Double Victory: Minorities and Women During World War II
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"Black May" (May 1943)

Defeat of the German U-boats in the North Atlantic. The climactic convoy battles of March 1943 had given a first hint that Allied antisubmarine forces were finally gaining the upper hand in the battle for the North Atlantic sea lines of communication. By early 1943, the fully mobilized American shipyards were producing vast numbers of escort vessels in addition to building more merchant ships than were being sunk by U-boats. Modern, long-range naval patrol aircraft, such as the B-24 Liberator, and escort carrier–based aircraft were closing the dreaded air gap,the wolf packs' last refuge from Allied airpower in the North Atlantic. At the same time, Allied signals intelligence was reading the German U-boat cipher Triton almost continuously and with minimal delay.

On 26 April, the Allies suffered a rare blackout in their ability to read the German cipher, just as 53 U-boats regrouped for an assault on the convoy routes. Miraculously, two eastbound convoys, SC.128 and HX.236, escaped destruction, but ONS.5, a weather-beaten, westbound slow convoy of 30 merchant ships escorted by 7 warships stumbled into the middle of the wolf packs on 4 May. During the next 48 hours, the U-boats sank 12 ships but at an unacceptable cost: escort vessels sank 6 U-boats, and long-range air patrols claimed 3 others. Radar in aircraft and escort vessels had played a decisive role in giving the numerically overmatched escorts a tactical edge in the battle.

The commander of the German U-boat arm, Admiral Karl Dönitz, was aware of the tilting balance, but he urged his U-boat commanders not to relent. Yet many of the vessels did not even reach their areas of operations. The determined antisubmarine offensive in the Bay of Biscay by aircraft of the Royal Air Force Coastal Command destroyed 6 U-boats during May and forced 7 others to return to base.

In the second week of May, the ragged survivors of the North Atlantic wolf packs, which had operated against Convoys ONS.5 and SL.128, regrouped and deployed against HX.237 and SC.129. Only 3 merchantmen were sunk, at the expense of the same number of U-boats. In addition to radar, the small escort carrier Biter, which had provided air cover for HX.237 as well as for SC.129, was vital in denying the German submarines tactical freedom on the surface near the convoys. When the U-boats renewed their attacks against Convoy SC.130 between 15 and 20 May, escort vessels sank 2 U-boats, and shore-based aircraft claimed 3 others. SC.130 suffered no casualties. The U-boat offensive failed entirely against HX.239, a convoy with a rather generous organic air cover (aircraft attached to the convoy) provided by the escort carriers USS Bogue and HMS Archer. Not a single U-boat managed to close with the convoy, and on 23 May, a U-boat fell victim to the rockets of one of the Archer's aircraft. The following day, Dönitz recognized the futility of the enterprise and canceled all further operations in the North Atlantic. During the month to that point, more than 33 U-boats had been sunk and almost the same number had been damaged, nearly all of them in convoy battles in the North Atlantic or during transit through the Bay of Biscay. The month went down in German naval annals as "Black May," with the loss of 40 U-boats. At the end of May 1943, the British Naval Staff noted with satisfaction the cessation of U-boat activity. SC.130 was the last North Atlantic convoy to be seriously menaced during the war.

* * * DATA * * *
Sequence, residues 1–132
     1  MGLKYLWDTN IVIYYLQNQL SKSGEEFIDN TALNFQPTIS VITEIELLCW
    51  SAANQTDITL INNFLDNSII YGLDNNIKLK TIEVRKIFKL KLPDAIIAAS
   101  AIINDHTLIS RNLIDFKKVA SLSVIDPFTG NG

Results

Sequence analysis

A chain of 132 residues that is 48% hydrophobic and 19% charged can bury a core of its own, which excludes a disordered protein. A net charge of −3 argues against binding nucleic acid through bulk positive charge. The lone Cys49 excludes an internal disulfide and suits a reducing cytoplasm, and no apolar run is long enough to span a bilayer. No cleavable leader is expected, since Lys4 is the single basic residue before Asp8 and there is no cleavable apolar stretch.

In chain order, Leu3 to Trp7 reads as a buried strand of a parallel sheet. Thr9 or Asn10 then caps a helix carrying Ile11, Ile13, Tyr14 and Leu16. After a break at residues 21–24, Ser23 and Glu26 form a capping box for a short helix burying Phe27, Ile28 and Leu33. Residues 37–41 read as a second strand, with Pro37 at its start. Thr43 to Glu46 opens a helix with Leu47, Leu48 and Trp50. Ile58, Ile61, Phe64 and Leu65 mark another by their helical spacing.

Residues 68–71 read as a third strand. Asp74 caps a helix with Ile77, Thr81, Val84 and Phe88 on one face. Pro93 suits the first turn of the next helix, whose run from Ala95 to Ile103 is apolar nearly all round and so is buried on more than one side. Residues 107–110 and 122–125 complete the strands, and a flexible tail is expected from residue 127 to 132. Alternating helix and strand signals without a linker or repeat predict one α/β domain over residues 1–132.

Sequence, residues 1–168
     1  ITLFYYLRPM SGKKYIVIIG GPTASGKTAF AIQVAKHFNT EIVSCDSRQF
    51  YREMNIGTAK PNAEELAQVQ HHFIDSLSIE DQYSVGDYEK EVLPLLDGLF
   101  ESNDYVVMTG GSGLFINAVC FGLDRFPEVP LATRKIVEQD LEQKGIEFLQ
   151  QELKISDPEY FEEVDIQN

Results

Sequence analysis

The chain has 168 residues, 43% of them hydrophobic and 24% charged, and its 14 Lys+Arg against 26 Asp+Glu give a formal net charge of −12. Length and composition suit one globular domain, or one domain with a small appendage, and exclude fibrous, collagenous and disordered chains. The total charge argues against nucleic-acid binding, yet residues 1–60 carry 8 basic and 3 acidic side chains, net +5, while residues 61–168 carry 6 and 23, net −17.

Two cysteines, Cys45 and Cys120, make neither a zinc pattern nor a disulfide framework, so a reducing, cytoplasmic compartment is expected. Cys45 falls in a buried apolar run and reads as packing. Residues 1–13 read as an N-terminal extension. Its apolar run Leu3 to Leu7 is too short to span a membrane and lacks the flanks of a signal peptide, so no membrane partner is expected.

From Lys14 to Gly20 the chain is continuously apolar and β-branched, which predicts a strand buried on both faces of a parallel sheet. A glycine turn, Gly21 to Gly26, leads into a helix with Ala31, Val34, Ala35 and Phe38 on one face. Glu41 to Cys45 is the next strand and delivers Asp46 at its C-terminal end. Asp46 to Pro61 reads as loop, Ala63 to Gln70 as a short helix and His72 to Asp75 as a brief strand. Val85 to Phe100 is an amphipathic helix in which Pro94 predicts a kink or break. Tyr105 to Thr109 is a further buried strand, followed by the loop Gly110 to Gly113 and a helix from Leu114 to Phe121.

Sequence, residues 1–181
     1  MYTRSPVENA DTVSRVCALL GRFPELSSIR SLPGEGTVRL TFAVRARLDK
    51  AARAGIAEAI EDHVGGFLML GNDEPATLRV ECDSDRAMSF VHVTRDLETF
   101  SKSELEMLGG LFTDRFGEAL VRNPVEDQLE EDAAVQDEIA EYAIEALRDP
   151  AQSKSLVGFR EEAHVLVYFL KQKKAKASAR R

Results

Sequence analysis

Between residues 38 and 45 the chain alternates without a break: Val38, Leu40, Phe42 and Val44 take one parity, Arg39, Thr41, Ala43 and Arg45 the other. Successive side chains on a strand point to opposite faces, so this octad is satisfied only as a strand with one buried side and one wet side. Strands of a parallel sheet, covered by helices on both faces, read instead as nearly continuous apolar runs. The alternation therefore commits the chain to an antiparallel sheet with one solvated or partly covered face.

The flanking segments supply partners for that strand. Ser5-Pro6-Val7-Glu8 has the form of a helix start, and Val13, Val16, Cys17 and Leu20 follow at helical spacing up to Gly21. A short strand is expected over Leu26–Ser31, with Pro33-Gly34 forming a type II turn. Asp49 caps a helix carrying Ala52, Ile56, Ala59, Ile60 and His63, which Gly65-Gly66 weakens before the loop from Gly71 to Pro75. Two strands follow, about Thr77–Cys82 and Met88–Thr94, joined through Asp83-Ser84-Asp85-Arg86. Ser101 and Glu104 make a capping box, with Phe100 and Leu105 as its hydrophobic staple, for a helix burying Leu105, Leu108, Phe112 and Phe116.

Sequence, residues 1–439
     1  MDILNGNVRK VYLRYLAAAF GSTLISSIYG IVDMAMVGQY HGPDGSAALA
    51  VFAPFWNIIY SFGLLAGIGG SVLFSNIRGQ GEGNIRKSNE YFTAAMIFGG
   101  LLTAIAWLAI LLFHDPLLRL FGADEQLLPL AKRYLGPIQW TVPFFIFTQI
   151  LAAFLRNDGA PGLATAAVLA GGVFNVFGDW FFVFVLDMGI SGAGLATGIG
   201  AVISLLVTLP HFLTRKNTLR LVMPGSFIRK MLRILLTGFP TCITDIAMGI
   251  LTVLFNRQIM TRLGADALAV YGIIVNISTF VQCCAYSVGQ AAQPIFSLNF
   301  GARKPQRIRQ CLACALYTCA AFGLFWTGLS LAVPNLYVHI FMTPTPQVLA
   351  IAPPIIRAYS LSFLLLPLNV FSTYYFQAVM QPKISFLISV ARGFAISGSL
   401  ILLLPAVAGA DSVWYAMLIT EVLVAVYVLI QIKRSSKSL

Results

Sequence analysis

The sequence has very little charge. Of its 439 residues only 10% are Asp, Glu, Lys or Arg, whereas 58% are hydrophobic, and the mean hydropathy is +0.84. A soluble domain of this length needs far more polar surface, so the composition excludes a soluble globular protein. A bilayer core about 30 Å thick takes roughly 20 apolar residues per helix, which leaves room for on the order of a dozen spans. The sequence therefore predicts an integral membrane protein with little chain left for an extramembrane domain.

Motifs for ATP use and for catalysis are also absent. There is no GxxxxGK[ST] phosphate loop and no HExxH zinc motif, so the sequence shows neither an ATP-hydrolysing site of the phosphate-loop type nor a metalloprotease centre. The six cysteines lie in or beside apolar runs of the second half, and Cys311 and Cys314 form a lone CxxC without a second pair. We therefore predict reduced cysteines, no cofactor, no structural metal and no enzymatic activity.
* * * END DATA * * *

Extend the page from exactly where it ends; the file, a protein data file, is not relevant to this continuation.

Dirk Steffen


Further Reading
Blair, Clay. Hitler's U-Boat War. Vol. 2, The Hunted, 1942–1945. New York: Random House 1998.; Gannon, Michael. Black May. New York: Harper Collins, 1998.; Morison, Samuel Eliot. History of United States Naval Operations in World War II. Vol. 5, The Struggle for Guadalcanal, August 1942–February 1943. Boston: Little, Brown, 1949.
 

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